Whenever someone begins a statement with “I’m not a racist, but…” I know that something very racist is about to come out of their mouth. This has been especially true during the recent outrage over South Carolina’s decision to remove the Confederate flag from the State House grounds, and supporters of the flag even visited our site to leave some unbelievably racist comments which further proves the point we’ve been trying to make – the flag really represents hatred, not heritage.
The Confederate flag controversy isn’t over. Mississippi’s state flag still contains the Stars and Bars, and six other states have flags that resemble symbols of the Confederacy, although nobody seems to really care about changing those. And Confederate flag supporters, including the KKK, are still staging rallies to voice their outrage over the decision in South Carolina. In Oklahoma, a number of protesters turned out with flags to greet President Obama as he arrived to visit a federal prison and deliver remarks about making high-speed Internet available to rural areas at a local high school in Durant.
Some of the protesters stood outside the hotel he was expected to stay at, and others lined the interstate his motorcade would possibly travel to voice their opposition to President Obama’s recent support of removing the Confederate flag from government buildings.
“We’re not gonna stand down from our heritage. You know, this flag’s not racist. And I know a lot of people think it is, but it’s really not,” said Trey Johnson, who drove three hours from Texas to join the protest. “It’s just a southern thing, that’s it.”
“I believe that it is a flag that should not come down. It is about history. It’s not about racism at all because both black men, as well as white men stood side by side. They fought together for the beliefs that they believed in. And this is our heritage,” said Stephanie.
Alyssa, a supporter of the group, said the group’s protest has nothing to do with the president, but rather a culmination of the events that have occurred in recent weeks. (Source)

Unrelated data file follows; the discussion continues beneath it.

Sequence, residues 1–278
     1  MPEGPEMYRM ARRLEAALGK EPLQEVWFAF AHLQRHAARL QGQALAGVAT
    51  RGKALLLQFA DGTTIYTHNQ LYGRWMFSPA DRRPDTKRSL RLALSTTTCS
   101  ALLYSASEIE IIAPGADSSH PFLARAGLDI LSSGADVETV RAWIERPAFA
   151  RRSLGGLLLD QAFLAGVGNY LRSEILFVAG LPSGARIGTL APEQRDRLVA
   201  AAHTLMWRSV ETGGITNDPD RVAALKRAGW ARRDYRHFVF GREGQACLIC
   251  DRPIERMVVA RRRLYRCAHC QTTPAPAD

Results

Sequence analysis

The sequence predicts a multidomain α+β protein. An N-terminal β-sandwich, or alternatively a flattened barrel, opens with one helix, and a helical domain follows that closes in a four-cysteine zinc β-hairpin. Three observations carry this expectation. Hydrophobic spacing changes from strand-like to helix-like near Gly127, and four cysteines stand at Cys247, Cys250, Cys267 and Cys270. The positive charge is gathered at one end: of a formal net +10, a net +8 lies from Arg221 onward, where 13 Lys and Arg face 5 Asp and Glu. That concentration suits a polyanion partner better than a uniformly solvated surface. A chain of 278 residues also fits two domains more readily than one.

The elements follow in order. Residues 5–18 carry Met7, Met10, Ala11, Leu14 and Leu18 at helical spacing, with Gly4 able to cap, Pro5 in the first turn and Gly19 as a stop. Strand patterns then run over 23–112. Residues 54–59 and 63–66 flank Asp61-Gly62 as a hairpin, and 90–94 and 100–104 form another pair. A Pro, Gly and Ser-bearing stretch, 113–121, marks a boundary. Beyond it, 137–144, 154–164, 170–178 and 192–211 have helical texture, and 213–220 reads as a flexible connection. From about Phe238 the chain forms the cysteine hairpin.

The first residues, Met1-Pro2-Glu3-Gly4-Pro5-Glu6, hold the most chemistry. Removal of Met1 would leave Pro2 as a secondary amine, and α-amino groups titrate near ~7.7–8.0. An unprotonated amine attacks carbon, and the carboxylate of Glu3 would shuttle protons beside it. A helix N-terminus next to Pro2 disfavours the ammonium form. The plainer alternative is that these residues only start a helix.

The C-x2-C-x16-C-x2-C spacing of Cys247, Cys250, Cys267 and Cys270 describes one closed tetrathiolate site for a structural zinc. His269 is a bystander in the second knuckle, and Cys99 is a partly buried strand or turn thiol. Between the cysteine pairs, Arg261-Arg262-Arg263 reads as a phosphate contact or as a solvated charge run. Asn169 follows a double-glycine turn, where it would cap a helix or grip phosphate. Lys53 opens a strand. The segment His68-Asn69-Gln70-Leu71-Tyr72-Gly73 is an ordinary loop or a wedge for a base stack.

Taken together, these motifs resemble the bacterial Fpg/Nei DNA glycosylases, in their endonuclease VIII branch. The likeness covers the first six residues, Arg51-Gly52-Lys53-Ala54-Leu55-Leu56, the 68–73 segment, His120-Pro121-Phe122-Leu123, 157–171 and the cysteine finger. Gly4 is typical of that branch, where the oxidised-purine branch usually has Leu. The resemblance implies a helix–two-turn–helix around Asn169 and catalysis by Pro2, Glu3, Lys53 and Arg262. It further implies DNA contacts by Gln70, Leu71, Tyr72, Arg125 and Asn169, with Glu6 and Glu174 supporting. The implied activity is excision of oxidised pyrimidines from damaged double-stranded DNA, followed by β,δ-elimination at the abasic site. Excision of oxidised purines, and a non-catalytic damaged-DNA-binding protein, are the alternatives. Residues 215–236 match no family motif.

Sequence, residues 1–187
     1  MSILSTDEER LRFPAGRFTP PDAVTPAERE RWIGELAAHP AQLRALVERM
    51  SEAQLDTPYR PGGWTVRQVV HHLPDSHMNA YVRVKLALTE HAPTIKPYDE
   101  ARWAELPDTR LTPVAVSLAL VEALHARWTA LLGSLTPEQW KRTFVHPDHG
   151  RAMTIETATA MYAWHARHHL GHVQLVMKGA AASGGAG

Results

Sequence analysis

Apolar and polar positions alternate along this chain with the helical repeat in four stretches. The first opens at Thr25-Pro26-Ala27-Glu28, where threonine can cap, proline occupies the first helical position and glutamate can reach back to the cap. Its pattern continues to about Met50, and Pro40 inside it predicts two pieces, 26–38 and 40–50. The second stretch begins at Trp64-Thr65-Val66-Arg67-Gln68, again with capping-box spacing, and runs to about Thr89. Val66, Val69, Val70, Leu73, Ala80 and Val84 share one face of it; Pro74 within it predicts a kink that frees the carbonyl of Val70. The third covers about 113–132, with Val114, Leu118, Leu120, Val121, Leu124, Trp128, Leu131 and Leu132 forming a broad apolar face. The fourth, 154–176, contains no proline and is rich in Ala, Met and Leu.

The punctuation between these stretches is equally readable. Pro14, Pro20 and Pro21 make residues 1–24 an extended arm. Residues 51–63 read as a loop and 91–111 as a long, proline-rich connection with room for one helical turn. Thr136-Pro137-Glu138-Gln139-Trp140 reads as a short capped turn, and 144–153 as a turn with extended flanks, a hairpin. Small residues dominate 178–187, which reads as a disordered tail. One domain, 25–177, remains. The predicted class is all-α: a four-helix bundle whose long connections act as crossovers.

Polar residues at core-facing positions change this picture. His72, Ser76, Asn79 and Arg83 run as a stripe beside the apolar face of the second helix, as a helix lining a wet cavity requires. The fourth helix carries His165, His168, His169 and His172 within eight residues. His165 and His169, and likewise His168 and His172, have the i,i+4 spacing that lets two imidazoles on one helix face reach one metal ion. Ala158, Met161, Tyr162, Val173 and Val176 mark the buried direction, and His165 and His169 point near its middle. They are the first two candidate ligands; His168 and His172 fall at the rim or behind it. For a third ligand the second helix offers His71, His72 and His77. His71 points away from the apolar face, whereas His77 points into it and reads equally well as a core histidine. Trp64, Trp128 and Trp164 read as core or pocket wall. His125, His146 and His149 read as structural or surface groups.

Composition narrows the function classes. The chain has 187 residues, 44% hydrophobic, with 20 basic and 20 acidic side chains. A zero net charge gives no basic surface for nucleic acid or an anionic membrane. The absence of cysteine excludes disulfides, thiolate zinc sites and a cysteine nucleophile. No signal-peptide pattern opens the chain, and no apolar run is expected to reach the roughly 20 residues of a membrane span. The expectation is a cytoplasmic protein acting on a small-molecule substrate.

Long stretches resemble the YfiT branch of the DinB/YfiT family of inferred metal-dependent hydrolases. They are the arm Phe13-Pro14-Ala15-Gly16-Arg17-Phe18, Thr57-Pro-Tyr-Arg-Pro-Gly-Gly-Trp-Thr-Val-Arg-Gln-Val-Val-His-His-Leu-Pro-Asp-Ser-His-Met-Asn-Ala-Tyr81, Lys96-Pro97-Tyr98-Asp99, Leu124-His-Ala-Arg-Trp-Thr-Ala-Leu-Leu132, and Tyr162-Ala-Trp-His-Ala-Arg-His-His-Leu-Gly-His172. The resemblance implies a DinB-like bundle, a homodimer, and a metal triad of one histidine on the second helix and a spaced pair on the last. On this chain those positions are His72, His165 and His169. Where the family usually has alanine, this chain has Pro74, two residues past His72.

I’m going to pose the same question many conservative pundits asked during the protests over police brutality: Why aren’t these people at work? Who drives 3 hours from Texas on a weekday to stand along an interstate in the scorching heat and angrily wave a flag at a motorcade because they’re mad about the decision a Republican legislature made in a state over 1,000 miles away?
Seriously, President Obama has absolutely nothing to do with South Carolina’s decision other than to say he supported removing a flag that represented a failed secession attempt as well as the resistance to the end of segregation and the Civil Rights Act in the 1960s.
Throughout history, the Confederate flag has been repeatedly used as a symbol to oppress black people. It was flown by Southern armies during the Civil War as they fought to keep slavery. And it was later brought back in the 1960s, as Vox’s Libby Nelson explained, to intimidate civil rights advocates and defend segregation.
When states seceded from the union during the Civil War, they explicitly voiced their racist intents. South Carolina, the first state to secede, said in its official statement that it saw any attempts to abolish slavery and grant rights to black Americans as “hostile to the South” and “destructive of its beliefs and safety.” Mississippi was even more explicit, stating that its “position is thoroughly identified with the institution of slavery.” (Source)
If these protesters want to make the argument that their flag isn’t racist, welcoming the first black president to Oklahoma by waving a flag that was a symbol of oppression isn’t exactly the best way to do so. Here’s a little history for you: Oklahoma wasn’t a state during the Civil War, but the Native American tribes in the Oklahoma territory were aligned with the Confederacy, and some owned slaves, a practice that was abolished in 1866.
Then again, leave it to a red state to protest the arrival of a president who wants to expand high-speed Internet access to low income communities and talk about economic development as well as reforming the criminal justice system. Keep it classy, Oklahoma.
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